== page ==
At USC, concerns of anti-Blackness on campus were also revealed via social media along with conversations about DPS funds and public safety.

USC Gould Professor and Director of International Human Rights Clinic, Hannah Garry, spoke to the power of marginalized groups experiencing systemic oppression uniting to form their own mechanisms to generate actionable change.

“[The events] demonstrate to me how our vote matters in the leaders we elect. The U.S. government was happily funding the ramp up in Azerbaijan. There is big business to be made,” Garry said. “It is incumbent upon us to elect leaders who will not use human rights for political and business purposes.”

After addressing how denial of individuals’ rights to inclusion and equity results in violence, a second panel explored mental health and recycled trauma.

According to USC Professor of Psychology and Preventative Medicine Beth Meyerowitz, historical trauma is marked by living in survival mode as the trauma is transmitted and experienced overtime and across generations by communities with histories of experiencing long-term trauma and oppression.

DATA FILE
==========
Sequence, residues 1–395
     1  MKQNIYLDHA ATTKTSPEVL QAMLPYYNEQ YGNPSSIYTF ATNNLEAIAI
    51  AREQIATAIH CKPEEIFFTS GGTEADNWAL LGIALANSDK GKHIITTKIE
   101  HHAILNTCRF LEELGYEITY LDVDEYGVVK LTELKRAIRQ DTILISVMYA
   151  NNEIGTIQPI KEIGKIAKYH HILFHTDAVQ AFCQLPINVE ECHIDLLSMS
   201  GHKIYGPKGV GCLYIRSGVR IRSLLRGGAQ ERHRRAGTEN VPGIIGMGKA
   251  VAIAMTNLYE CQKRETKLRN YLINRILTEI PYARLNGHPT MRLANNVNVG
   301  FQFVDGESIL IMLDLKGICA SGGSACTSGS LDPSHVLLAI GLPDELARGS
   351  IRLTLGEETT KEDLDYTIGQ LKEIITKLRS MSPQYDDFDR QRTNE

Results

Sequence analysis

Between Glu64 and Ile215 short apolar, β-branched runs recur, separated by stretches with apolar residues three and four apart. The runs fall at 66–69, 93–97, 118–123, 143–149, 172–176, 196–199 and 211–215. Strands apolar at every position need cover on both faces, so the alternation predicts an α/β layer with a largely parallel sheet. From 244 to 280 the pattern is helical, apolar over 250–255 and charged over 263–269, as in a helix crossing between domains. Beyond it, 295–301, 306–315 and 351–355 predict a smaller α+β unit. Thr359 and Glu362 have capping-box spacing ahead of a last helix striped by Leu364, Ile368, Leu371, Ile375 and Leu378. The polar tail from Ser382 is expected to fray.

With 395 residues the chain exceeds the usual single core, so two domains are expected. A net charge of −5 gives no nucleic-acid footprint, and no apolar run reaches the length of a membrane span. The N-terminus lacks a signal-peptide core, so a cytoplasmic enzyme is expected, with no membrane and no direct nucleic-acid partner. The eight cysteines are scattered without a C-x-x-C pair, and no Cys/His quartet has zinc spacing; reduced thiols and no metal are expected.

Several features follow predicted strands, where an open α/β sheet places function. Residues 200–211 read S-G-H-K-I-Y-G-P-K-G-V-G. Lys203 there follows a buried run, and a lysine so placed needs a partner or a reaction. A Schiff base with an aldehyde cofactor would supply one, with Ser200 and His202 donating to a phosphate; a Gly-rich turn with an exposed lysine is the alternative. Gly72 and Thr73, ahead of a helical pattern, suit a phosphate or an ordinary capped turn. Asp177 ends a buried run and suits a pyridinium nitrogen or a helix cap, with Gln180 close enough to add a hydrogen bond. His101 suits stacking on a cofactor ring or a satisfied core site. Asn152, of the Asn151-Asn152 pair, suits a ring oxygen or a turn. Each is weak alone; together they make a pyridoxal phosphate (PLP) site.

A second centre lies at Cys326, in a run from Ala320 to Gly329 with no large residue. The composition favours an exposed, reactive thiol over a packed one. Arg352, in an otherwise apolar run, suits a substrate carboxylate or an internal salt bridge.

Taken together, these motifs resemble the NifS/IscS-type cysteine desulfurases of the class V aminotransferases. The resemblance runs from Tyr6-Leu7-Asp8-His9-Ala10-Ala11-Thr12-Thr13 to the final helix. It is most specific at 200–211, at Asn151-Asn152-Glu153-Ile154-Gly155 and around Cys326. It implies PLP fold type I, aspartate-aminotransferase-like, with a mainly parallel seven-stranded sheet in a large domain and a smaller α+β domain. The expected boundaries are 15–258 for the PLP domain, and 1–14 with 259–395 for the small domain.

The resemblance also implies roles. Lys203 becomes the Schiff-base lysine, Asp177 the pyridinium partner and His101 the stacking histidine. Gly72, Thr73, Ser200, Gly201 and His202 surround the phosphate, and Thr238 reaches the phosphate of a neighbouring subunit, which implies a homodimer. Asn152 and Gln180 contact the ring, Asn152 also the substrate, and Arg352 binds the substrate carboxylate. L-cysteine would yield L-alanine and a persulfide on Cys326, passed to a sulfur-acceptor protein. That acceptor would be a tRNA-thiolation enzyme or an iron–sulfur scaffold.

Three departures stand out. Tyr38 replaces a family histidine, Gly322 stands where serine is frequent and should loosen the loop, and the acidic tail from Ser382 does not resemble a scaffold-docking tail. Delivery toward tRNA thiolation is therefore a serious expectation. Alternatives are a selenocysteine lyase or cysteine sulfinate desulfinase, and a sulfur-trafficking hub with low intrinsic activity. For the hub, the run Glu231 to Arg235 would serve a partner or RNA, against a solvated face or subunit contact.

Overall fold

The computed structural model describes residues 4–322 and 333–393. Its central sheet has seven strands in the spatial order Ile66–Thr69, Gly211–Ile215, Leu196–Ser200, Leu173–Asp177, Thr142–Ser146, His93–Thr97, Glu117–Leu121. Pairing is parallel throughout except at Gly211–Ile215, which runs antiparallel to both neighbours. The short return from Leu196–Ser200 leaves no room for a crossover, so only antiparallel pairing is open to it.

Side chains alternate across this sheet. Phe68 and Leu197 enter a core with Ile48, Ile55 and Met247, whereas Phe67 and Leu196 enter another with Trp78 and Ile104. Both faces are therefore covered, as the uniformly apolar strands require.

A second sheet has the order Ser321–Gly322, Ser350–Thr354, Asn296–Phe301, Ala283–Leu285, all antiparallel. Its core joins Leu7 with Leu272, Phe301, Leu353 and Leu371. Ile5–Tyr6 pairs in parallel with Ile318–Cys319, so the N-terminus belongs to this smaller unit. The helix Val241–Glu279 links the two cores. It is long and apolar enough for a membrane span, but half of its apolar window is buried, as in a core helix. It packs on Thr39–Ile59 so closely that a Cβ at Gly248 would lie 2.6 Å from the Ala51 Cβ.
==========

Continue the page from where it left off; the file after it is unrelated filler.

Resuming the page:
Meyerowitz referred to a study of children of Holocaust survivors in Canada who displayed more psychological distress than other kids. In reference to the Armenian Genocide, denied by Turkey despite overwhelming scholarly consensus recognizing the Genocide as a fact, Meyerowitz explains that the historical traumas become current.

“This is not unique to one community,” Meyerowitz said. “It is an experience that many communities share, and it is a point of connection among them.” She noted the Native American and African American communities as other similar examples.